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Case Reviews in Surgery

Hormonally Active Adrenocortical Carcinoma in a 24-Year Old Woman

Hormonally Active Adrenocortical Carcinoma in a 24-Year Old Woman

March 1, 2021



Adrenal tumors are common and frequently identified incidentally; adrenalectomy is indicated for functional tumors, masses ≥4 cm, and cases where malignancy is suspected.


A 24-year old previously healthy woman presented with a six-month history of weight gain, amenorrhea, hirsutism, acne, and hypertension. Biochemical evaluation revealed hypercortisolism and elevated DHEA-S. Abdominal imaging demonstrated an 11 cm right adrenal mass, abutting the right hepatic lobe, right kidney, and inferior vena cava. The patient underwent open right adrenalectomy for the presumptive diagnosis of hormonally active adrenocortical carcinoma (ACC). The tumor was able to be mobilized from surrounding structures without requiring resection of adjacent organs. Pathological exam demonstrated a 728 g, 16.5 cm ACC with extensive necrosis, and Ki67 proliferation index of 35% and large vessel vascular invasion. Postoperatively, the symptoms of hypercortisolism, virilization, and hypertension resolved. The patient is currently undergoing adjuvant mitotane therapy and has no evidence of disease six months after surgery.


Adrenal masses are highly prevalent and are detected at increasing rates with widespread use of cross-sectional imaging. Biochemical evaluation should be performed to diagnose hormonally active tumors. The majority of adrenal lesions are benign and nonfunctional. Adrenalectomy is indicated for functional tumors, and in cases where malignancy is suspected, and should be considered for masses ≥4 cm. ACCs are rare, often functional tumors with a poor prognosis. Surgical resection is the primary treatment. Adjuvant mitotane may improve survival and should be considered for high-risk tumors. Clinical trials of molecular and immunotherapies are ongoing, but genetic variability and the rarity of these tumors remains a challenge to the development of novel therapeutic options.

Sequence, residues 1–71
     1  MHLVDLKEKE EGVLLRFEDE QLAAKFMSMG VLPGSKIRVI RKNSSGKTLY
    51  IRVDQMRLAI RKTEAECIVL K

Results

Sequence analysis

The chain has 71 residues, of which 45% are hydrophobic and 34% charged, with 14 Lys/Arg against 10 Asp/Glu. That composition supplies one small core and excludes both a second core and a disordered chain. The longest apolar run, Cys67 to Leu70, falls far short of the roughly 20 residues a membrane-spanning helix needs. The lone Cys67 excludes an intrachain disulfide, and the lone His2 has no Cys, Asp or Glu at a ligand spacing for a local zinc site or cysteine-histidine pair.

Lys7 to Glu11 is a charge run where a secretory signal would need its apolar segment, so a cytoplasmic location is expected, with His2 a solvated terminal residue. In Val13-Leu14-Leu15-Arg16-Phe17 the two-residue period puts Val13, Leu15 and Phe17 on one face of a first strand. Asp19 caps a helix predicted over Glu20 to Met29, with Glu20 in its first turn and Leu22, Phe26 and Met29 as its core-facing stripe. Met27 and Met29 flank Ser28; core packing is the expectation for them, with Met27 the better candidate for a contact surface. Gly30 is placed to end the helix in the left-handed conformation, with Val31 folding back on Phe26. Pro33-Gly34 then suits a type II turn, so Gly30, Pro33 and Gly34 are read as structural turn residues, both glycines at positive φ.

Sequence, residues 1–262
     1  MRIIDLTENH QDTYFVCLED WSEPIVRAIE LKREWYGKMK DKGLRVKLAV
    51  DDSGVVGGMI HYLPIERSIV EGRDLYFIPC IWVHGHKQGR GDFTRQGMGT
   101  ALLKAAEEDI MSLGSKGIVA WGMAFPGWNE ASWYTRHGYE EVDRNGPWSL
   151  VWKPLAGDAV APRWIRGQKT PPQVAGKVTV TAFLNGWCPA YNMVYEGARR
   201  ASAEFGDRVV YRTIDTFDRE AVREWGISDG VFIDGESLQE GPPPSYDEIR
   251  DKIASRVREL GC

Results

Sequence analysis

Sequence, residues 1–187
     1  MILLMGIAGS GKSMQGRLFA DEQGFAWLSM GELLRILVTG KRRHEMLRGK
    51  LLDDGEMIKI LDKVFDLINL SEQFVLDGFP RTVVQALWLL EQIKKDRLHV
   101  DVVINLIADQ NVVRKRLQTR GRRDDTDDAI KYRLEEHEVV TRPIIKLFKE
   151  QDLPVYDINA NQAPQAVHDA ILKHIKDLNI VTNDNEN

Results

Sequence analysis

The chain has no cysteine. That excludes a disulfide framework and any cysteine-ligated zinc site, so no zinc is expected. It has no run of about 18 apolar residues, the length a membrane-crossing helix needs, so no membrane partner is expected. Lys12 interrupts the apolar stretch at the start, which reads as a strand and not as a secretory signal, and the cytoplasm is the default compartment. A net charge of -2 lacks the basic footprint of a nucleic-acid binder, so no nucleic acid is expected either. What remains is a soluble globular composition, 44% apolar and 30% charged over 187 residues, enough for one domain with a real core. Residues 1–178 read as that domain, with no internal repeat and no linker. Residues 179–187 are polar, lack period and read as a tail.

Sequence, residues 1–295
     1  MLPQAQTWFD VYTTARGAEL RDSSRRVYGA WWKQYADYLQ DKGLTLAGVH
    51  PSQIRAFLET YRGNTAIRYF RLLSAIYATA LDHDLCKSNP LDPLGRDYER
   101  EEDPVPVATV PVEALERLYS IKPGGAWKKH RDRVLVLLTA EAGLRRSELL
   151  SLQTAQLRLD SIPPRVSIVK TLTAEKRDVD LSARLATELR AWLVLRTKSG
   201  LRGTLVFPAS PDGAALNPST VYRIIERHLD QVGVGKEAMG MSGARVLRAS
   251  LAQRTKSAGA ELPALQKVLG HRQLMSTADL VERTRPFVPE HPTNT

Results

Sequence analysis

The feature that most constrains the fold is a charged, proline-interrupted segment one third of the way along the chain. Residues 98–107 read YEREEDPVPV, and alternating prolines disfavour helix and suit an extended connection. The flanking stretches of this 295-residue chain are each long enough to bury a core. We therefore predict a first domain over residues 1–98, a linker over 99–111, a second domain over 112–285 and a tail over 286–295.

Key Words

Adrenal tumor; adrenocortical carcinoma; functional adrenal tumor; adrenal incidentaloma; Cushing syndrome

Case Description

A 24-year old woman presented to her primary care physician with a six-month history of weight gain, accompanied by amenorrhea with new hirsutism and worsening acne (Figure 1). She also noted new onset of hypertension. She was initiated on anti-hypertensive therapy, which was escalated during the course of her diagnostic evaluation, but ultimately remained poorly controlled on four anti-hypertensive agents. The patient had previously been a healthy marathon runner and worked full-time. Her past medical history and family history were otherwise unremarkable.

Figure 1. Pre-operative findings of moon facies, hirsutism, and acne.

Biochemical evaluation demonstrated an elevated midnight salivary cortisol of 510 ng/dL (normal <100 ng/dL), suppressed 6:30 AM serum ACTH <1 pg/mL (normal 6–76 pg/mL), elevated DHEA-S of 350 mcg/dL (normal 44–332 mcg/dL), and hypokalemia with serum potassium 2.8 mmol/L (normal 3.4–5.0 mmol/L). Low- and high-dose dexamethasone suppression tests were consistent with autonomous adrenal secretion of cortisol. Serum renin, aldosterone, and metanephrines were within normal limits. A CT scan of the abdomen demonstrated an 11-cm heterogenous right adrenal mass (Figure 2), abutting the inferior vena cava (IVC), right kidney, and right hepatic lobe and exerting mass effect on all adjacent structures, without evidence of discrete invasion or distant metastases, and a normal appearing left adrenal gland.